Maliki forms a new bloc with Iranian support

Maliki forms a new bloc with Iranian support
Former Iraqi PM Malilki met with Shia militia leaders before creating a new political bloc with Iran's blessing, according to a leading member of the Dawa party.
2 min read
06 November, 2015
Iraq's former Prime Minister Nouri al-Maliki (C) wants to make a political comeback [AFP]
Former Iraqi Prime Minister Nouri al-Malilki has created a new political bloc, reportedly with Iran's blessing, in preparation for the 2018 parliamentary elections, according to a leading member of the Dawa party.

Maliki was removed from office in a "white coup" at the end of 2014 by members of his Islamic Dawa party and other parliamentarians.

Maliki's new grouping, "The Popular Mobilisation Parliamentary Bloc", will also run in the provincial elections scheduled for 2017.

A leading member of the Dawa Party, close to Prime Minister Haider al-Abadi, said that Maliki met with the leader of the Badr militia, Hadi al-Amiri, as well as the Asaib Ahl al-Haq leader, Qais al-Khazali, and the deputy leader of the Popular Mobilisation, Abu Mahdi al-Muhandis, alongside the Harakat al-Nujaba leader, Akram al-Kabi.

The source also said that a "known" Lebanese businessman who resides in London and has broad investments in Iraq had suggested the idea to Maliki during his last visit to Baghdad in September.

The idea was reportedly approved by the commander of Iran's elite Quds Force, Major-General Qassem Soleimani, who has not, of late, been on good terms with Abadi, according to the Dawa Party source.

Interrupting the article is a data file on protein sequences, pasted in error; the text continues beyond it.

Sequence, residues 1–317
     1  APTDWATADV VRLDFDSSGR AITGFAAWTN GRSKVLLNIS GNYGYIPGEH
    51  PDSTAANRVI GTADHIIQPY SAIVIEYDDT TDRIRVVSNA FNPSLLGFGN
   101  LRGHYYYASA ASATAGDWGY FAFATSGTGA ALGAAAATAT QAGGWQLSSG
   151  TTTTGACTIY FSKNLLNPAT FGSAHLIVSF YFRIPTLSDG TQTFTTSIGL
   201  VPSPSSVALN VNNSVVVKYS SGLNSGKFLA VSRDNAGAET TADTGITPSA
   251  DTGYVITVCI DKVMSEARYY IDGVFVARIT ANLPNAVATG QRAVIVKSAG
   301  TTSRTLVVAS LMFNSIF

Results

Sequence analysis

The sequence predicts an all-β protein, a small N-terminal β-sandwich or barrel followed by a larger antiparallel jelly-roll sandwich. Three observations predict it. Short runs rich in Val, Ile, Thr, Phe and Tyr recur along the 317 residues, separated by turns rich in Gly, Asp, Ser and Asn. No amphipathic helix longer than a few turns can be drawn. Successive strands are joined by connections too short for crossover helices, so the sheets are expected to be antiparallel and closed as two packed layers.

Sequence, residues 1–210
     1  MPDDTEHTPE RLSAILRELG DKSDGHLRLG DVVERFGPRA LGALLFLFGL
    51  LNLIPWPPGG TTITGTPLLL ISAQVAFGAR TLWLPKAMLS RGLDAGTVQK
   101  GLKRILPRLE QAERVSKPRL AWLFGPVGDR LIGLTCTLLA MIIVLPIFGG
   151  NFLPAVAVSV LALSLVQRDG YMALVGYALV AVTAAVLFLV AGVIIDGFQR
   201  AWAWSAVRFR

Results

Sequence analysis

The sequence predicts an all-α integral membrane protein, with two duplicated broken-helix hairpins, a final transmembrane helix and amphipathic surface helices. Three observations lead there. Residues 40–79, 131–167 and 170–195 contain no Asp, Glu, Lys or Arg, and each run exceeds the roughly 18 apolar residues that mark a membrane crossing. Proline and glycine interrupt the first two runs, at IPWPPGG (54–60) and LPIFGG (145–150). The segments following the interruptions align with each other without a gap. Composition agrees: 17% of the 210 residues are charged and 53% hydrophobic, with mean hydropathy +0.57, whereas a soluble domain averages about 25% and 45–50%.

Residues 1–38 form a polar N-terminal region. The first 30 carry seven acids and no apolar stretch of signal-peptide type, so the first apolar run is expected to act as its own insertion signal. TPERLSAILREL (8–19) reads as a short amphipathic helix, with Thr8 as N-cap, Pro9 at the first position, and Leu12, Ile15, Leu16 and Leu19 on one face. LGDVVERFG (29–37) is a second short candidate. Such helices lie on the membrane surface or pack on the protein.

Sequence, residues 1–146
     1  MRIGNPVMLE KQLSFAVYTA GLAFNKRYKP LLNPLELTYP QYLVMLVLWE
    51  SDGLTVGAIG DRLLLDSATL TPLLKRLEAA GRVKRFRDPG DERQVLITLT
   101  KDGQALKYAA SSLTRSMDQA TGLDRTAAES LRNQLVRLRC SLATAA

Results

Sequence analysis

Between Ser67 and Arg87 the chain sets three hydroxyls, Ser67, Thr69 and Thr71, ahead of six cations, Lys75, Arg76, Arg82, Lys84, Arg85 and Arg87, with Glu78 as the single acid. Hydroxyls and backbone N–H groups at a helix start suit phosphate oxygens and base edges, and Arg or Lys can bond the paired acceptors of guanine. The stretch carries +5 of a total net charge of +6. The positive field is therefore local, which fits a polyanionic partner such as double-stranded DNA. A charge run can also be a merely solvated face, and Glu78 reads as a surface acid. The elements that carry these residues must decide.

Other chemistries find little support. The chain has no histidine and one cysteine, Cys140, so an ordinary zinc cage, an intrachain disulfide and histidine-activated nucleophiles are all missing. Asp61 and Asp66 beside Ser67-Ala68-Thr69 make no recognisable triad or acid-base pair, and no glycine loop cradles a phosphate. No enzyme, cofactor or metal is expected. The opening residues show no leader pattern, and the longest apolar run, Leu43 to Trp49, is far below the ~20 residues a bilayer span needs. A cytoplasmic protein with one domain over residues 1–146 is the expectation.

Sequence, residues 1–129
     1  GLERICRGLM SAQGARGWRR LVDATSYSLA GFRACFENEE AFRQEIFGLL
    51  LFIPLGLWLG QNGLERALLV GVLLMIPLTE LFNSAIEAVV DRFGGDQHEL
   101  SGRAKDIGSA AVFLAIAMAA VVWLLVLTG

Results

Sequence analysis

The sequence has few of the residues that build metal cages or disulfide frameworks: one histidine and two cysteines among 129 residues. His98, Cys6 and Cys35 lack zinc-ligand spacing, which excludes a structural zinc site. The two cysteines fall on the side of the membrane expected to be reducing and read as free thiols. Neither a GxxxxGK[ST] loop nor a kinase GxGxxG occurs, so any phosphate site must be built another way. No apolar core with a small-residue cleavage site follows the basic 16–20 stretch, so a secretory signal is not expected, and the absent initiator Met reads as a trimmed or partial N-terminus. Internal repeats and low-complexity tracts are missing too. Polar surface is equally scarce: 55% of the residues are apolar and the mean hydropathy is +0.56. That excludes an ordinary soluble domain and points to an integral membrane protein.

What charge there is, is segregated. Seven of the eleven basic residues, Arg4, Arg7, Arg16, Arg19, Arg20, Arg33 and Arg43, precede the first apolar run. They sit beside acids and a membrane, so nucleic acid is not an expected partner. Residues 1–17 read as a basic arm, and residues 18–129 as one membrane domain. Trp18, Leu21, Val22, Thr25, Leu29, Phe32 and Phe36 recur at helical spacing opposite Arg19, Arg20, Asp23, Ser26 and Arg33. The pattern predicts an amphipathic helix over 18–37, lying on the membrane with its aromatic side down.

"Maliki is counting on the support of southern provinces for the Popular Mobilisation militias, who are fighting against Islamic State group and keeping them away from holy cities," they said.

He added that Iran received assurances from Maliki and Popular Mobilisation leaders regarding Tehran's agenda in Iraq.

The US and the West are concerned about the effect that Maliki's new move will have on the future of Abadi's government, which has started to show early bruises from internal disputes - after lawmakers from within Abadi's own National Alliance party started to demand the formation of a new government.

One minister in Abadi's government said the current disputes between the prime minister and his party was connected with Abadi's rejection of Russian intervention in the country, and because the prime minister is pressing ahead with reforms that may harm "corrupt" members of the party.

"Shia political parties are discussing Maliki's new political project, [and] find his move to be an attempt to steal the Popular Mobilisation to further his own interests," the minister added.

Mohammad al-Hadithi, a professor of political sciences in Salahuddin University in Iraq, told al-Araby al-Jadeed that Maliki's move was "predictable, but not in its current form".

He said that Maliki's exploitation of the Popular Mobilisation could "infuriate the Sadrist Movement, the Islamic Supreme Council, the Fadhila party, and other parties who have fighters or military wings within Popular Mobilisation."